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Family Blind Spots

A firm’s mutual funds tend to share characteristics. Here’s how to diversify a portfolio laden with one family’s offerings.

Russel Kinnel, 01/07/2014

This article originally appeared in the December/January 2014 issue of MorningstarAdvisor magazine. To subscribe, please call 1-800-384-4000. 

Mutual funds within large fund companies often share investment traits, and they sometimes perform in lockstep for good and bad.

For example, over the summer, PIMCO’s bullish bet on long-term inflation-protected securities in a bunch of its funds stung investors. Interest rates rose while inflation expectations fell, a double whammy for long-term Treasury Inflation-Protected Securities. It wasn’t a disaster for PIMCO, but it did take a bite out of a wide swath of its funds. PIMCO’s macro calls such as this one are often included in a bunch of PIMCO’s bond funds. In addition, PIMCO runs asset-allocation funds that own a number of its bond funds, so it affects them, too. It also can have an impact on stock funds such as PIMCO StocksPLUS PSTKX, where the strategy is to buy index futures and try to add value with a fixed-income portfolio held as collateral against those futures.

The mistimed bet hasn’t shaken our faith in PIMCO because it has had more winning bets than losing ones over the years. And its TIPS bet wasn’t nearly as scary as Janus’ firmwide Internet bet in 2000. Still, there’s no need for investors to make a firmwide bet into a bet across their own portfolios, and this goes for even the best of fund companies. So, how do you diversify a portfolio heavily skewed to one fund company? First, look for the firm’s blind spots; then, search for funds from other companies to fill in the gaps. Here’s a look at the limits that some of the largest fund companies have and ideas for funds that would make nice complements to a portfolio heavily-laden with one of these families of funds.

PIMCO
Stock funds are the obvious complement to a PIMCO-laden portfolio, but if most of a client’s money is in fixed income, consider some non-PIMCO bond funds, too.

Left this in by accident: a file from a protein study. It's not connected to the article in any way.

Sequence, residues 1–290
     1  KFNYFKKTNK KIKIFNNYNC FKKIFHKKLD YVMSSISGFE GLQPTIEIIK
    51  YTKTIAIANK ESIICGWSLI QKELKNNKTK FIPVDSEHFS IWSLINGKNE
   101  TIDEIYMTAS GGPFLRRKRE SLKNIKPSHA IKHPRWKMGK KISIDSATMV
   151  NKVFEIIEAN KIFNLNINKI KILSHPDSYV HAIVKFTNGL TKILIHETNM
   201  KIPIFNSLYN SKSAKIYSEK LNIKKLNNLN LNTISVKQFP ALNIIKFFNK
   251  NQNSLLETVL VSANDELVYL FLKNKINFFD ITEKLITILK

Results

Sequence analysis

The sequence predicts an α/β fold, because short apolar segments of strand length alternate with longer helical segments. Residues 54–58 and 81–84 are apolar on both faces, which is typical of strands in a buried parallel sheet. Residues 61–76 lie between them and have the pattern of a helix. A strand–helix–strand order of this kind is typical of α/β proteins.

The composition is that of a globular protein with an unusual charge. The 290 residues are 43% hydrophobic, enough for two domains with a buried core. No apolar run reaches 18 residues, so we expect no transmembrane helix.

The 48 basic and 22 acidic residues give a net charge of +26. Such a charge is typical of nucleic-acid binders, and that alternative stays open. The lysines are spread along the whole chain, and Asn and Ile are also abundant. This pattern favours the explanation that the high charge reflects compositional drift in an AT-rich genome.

Municipal bonds are a small sliver of PIMCO’s business, so let’s start there. A fund that doesn’t make top-down calls but instead focuses on issue selection would make a nice diversifier, so consider a fund like Fidelity Tax-Free Bond FTABX. You can also lower costs with the help of a Vanguard fund such as Vanguard Intermediate-Term Tax-Exempt VWITX. Even taxable bonds might be an area to diversify. On the lower-risk side, consider Dodge & Cox Income DODIX, which also focuses more on issue selection and less on macro bets.

American Funds
Although American Funds has fallen in investors’ minds, you can still build a pretty good portfolio with its funds. It runs outstanding foreign- and domestic-equity funds that are dependable and cheap.

However, the American Funds multimanager run-a-ton-of-money-in-one-fund model hasn’t worked too well for small-cap stocks or bonds. The multimanager system doesn’t work well in bonds where one manager’s views can undo another one’s bets or double them. In addition, they haven’t kept pace with the competition when it comes to bond analytics. In fact, we rate seven bond funds from American, and they all earn Morningstar Analyst Ratings of Neutral. For small caps, American has just one very diffuse world-stock fund that doesn’t really have that much appeal.

Russel Kinnel is Morningstar's director of mutual fund research. He is also the editor of Morningstar FundInvestor, a monthly newsletter dedicated to helping investors pick great mutual funds, build winning portfolios, and monitor their funds for greater gains. (Click here for a free issue). Mr. Kinnel would like to hear from readers, but no financial-planning questions, please. Follow Russel on Twitter: @russkinnel.

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